What Types of Work Use Kanban?

As you can imagine, any service-oriented work can benefit from kanban, such as support, operations, customer services, sales. Any request-based type of work is a natural fit. Think ticketing system approach. High rates of priority change. What was important to get finished today might not be as important tomorrow. Or one item might takes 2 days to complete versus another taking 10 days. Much easier in Kanban, as you are not bound by a Sprint duration.

What you may wonder and not know is that Kanban is also successfully used in software development and DevOps, ideally when the rate of arrival of work is subject to a lot of variability, or when you have variations in size as well, and when priorities can change a lot. It’s not uncommon to see some development teams experience the level of volatility a sales or support teams would.

But what I truly love about Kanban is how it exposes two critical aspects that every team should pursue: customer value and waste reduction.

Kanban Exposes Customer Value

We talk a lot about the first in agile: customer value. It’s not news as an idea.

When you visualize, prioritize and limit work in process always protecting the flow of value throughout the whole system, everybody can know exactly what’s going on at any given point in time, which allows anyone to intervene and MANAGE the situation.

We’re guaranteeing uninterrupted flow of value, so to speak.

Kanban Exposes Waste in the Process

Now, we don’t talk enough about reducing waste in the system. People seem to accept that “things take the time they take” or let things be “because they’ve always been done like that”, to name a few of the arguments.

But by using kanban you get to notice that, say your approval process always take too long. So it’s a clear candidate for improvement, aka, reducing waste in the system. Or say your testing, because it’s mostly manual. You could benefit from a lot of automation, reducing waste in time but also the possibility of mistakes (bad testing).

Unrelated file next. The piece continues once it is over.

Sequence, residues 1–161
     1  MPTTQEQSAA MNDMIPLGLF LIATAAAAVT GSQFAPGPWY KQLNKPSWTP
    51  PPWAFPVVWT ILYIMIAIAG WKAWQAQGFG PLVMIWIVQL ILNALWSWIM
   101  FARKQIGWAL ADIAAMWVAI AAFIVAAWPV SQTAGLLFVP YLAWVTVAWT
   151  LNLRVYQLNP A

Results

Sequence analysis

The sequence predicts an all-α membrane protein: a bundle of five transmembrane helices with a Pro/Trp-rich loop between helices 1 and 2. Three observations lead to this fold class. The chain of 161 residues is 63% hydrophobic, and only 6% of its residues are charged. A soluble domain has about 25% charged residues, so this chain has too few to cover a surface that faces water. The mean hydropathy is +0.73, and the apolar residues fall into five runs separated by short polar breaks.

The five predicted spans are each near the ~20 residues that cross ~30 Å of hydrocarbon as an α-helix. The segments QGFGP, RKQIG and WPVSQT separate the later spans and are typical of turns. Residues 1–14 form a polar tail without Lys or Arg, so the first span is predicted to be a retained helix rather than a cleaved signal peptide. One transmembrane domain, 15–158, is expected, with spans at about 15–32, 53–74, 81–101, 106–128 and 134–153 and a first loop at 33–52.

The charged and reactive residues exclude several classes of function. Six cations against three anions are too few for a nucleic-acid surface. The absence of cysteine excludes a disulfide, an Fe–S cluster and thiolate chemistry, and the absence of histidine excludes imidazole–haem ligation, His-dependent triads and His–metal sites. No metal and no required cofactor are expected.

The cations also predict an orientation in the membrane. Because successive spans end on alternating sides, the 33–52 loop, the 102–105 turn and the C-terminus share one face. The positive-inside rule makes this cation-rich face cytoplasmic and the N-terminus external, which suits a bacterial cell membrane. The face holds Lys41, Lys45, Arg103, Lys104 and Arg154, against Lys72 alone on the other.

Improvement will happen by doing things differently or eliminating steps or artifacts.

The point is: waste reduction calls for proactive management, just like protecting the flow of value does. As you are measuring the process, you reveal the parts of your ways of working that are very problematic. You can improve the process, reduce or modify the steps of your kanban system and observe what changes.

Maybe now the same type of work takes less time. Or it comes out defect-free. With kanban you can definitely beat unnecessary hand-offs, delays, and rework.

Is Kanban Better Than Scrum?

At this point you could be asking yourself if Kanban is better than Scrum. Should you be using one versus the other?

My answer would be: that’s NOT the question you should be asking!

Let me put it this way: kanban and scrum can be combined if you truly wish. So they’re not so much a binary choice.

But the real question in here is: do you benefit more from a timebox approach or a flow approach?

Timebox approaches, and scrum is ONE such type, are better for research or very unknown work. Think work where you want to produce something, anything, a proof of concept… and you want to avoid the Parkinson’s Law.

“Work expands to fill up all the time allotted to it.” __ Parkinson’s Law

So if you give your team 10 days or 10 weeks, they will take just as long to complete their work. Scope increases. People keep injecting new stuff. You can see that you could benefit from a short timebox to explore just enough, just in time a particular feature. And during the timebox, the team is isolated from whoever keeps asking for new shiny things. Timebox is a tool for focus in the midst of chaos.

Flow-based approaches, and Kanban is one such approach, are there to help you with sustained development. Think of a continued healthy pace. In flow, your system, your kanban, is that pipeline through which you have a constant flow of work. You are always starting something and finishing something. You don’t have wait times to think and decide what to work on next, because that’s decided as late as possible, but before you start working on the new requirements. Planning occurs a little bit different in kanban. It’s not so much planning as you do it, and more so prioritizing and making informed decisions about what to work on next.

Despite not being text-book what people think and say about agile, Kanban allows you to chase after that great agile value of welcoming change even late in the development, for the customer advantage.